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Pennyjo's dream: Working toward a cure

Photo by Miriam Collom-Winters Some of the motorcycles from the 2009 run get ready to fulfill Pennyjo's dream.

She's bright, bubbly, full of life with a smile that stays with you forever. Her sparkling personality and love of life is contagious. To those that know her, she is an angel. She is Pennyjo, and she is living with MS.

Here's her story

Pennyjo began having signs of Multiple Sclerosis at the age of 29. At that time, she was a single mom of two children, ages 10 and 11, trying hard to work to support them. She was first diagnosed with fibromyalgia, and for nearly four years was told by doctors and specialists that it was "all in her head." Then finally, after seeing the third specialist, Pennyjo was diagnosed with Multiple Sclerosis. Though it is very difficult to accept the diagnosis, there was some relief in knowing what was causing all the pain; and it was a new beginning of a journey down a path of working towards a dream, she said.

Pennyjo had to give up her employment at 30 due to the chronic pain; having more bad days than good made it nearly impossible to keep a job. At 40, Pennyjo decided her new mission was to help work for a cure for MS -- a walk or a ride or something. Then she met and later married Steve "Red." And that's when the dream of working for a cure became a reality. One year later, Pennyjo and Red founded the "Motorcycling for Mobility" ride.

What is MS?

Multiple Sclerosis is a chronic, unpredictable disease that affects the central nervous system. It is thought to be an autoimmune disorder, in which the immune system incorrectly attack's the body's healthy tissue. This process destroys myelin -- the fatty substance that coats and protects nerve fibers in the brain and spinal cord. Myelin can be compared to the insulation on electrical wire; when the insulation is destroyed, the messages being sent through the nerves (or "wire") are slowed or blocked. This can cause blurred vision, loss of balance, poor coordination, slurred speech, tremors, numbness, extreme fatigue, memory problems, poor concentration, paralysis, blindness and more. MS most often begins in people between the ages of 20 and 40, though it can occur at any age. Women are more likely to be affected than men.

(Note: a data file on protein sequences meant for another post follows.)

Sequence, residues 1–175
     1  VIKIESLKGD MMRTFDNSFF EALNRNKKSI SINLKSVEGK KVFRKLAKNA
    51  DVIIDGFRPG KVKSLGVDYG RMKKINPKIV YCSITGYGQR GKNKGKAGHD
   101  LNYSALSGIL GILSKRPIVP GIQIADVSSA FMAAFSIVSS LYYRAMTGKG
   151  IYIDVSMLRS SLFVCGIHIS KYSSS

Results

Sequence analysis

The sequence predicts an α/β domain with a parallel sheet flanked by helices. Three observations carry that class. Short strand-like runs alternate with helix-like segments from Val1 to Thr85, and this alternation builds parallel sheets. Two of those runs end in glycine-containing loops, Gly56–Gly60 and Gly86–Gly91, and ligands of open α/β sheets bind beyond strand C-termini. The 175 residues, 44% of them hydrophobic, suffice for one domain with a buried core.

Though some medications have been shown to slow or modify the effects of MS, there is no cure for the disease.

Motorcycling for Mobility

Motorcycling for Mobility is Pennyjo's dream. This year will be the second annual ride, raising funds for the National Multiple Sclerosis Society. Last year, 228 people with 173 motorcycles raised $3,000 (after expenses). Pennyjo's goal this year is "to beat last year!" The second annual Motorcycling for Mobility Ride will be held on Aug. 28. It will begin in Hewitt, and after a couple of stops along a 123-mile ride, will end in Hewitt, for an evening filled with fun events. This year's events include:

• A pre-ride luncheon

• A scenic 123 mile motorcycle ride

• An evening meal

• Door prizes and raffle, including a "Queen for a Day" package for the ladies

• Live auction, featuring an original '57 Panhead Engine

• Live Band "Glide"

• Camping Available

Pennyjo's dream

Pennyjo knows her days here with us are numbered, but it is her dream that working for a cure, Motorcycling for Mobility will carry on through the love and support of her friends and all those affected by Multiple Sclerosis.